"There's a tree I
just planted a few months ago," Lionel Key tells us. "It's young. But it's
producing leaves, what I need."
These special leaves are a big part of family tradition for Key.
He says, "This is a single-pointed leaf, there's a leaf that
looks like a mitten – it's two-pointed.
And here's a three-pointed leaf on it… that identifies a sassafras tree."
It started with Lionel's great uncle Bill. He says, "Joseph Willie Ricard was his name.
But we used to call him Blind Willie because he was actually blind."
Uncle Bill taught Lionel how to make filé from sassafras
leaves. And Lionel still uses his uncle's handmade mortar and pestle, in
constant use since 1904.
It's a process passed down from Choctaw Indians, as the sassafras
leaves are pounded and then sifted into a fine powder. Key calls it "green gold."
He says, "Filé is used for gumbo first of all. It's used for
soups, sauces, gravies, stews, beans, anything you want to thicken up and
season you can use filé."
Lionel has become a regular at the New Orleans Jazz Fest –
you can catch him on the second weekend, pounding sassafras leaves, making his Creole
Just like any farmer, success each year is tied to your
crop. And it's hard to predict how many leaves are going to grow on the
sassafras trees. In a good year, Lionel
will collect 20 to 30 sacks of leaves. Many of them come from trees planted in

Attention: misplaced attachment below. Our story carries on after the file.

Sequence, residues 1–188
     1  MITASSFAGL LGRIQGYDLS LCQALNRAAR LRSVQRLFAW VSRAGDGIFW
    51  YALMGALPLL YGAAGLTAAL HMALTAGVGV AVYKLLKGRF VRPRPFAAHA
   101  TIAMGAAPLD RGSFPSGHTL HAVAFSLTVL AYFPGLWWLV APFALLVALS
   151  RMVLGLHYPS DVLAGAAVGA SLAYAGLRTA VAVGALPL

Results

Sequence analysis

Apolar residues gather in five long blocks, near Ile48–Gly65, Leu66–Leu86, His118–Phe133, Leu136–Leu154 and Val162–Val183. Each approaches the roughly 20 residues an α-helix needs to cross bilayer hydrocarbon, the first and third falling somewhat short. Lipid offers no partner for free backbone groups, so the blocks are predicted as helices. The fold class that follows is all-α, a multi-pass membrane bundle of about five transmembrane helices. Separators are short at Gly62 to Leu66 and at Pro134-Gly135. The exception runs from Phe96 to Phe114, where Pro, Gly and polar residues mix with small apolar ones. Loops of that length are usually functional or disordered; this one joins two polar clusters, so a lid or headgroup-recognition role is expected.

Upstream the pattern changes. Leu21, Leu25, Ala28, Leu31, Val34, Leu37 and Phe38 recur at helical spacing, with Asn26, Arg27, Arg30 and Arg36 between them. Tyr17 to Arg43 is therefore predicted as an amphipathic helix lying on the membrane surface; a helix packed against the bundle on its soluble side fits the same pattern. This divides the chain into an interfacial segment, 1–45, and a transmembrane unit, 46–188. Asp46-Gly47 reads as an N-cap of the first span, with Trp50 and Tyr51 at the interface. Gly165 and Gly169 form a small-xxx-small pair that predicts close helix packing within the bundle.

his cousin's backyard in St. Gabriel. But last year, he only collected four
sacks of leaves.
Key says, "That's the funny thing about a sassafras
tree. They're doing fine one year and
the next year you go in, dead. I don't know why, they just do that. They die."
The magic is in knowing when to pick the leaves. "That's a family secret," says Key. "Great
uncle told me, ‘Don't tell nobody unless you tell somebody in the family….' Every tree has a season. And what I do is get
it at the peak of perfection."
Lionel also believes there is perfection in this process of
carefully pounding the leaves and sifting out all of the bits and stems –
leaving only a fine powder. He says the
best filé' is fresh filé'.
The Filé Man's "green gold" sells for $7 an ounce. Don't forget, you can catch Lionel Key at the
Fair Grounds on the second weekend of Jazz Fest.
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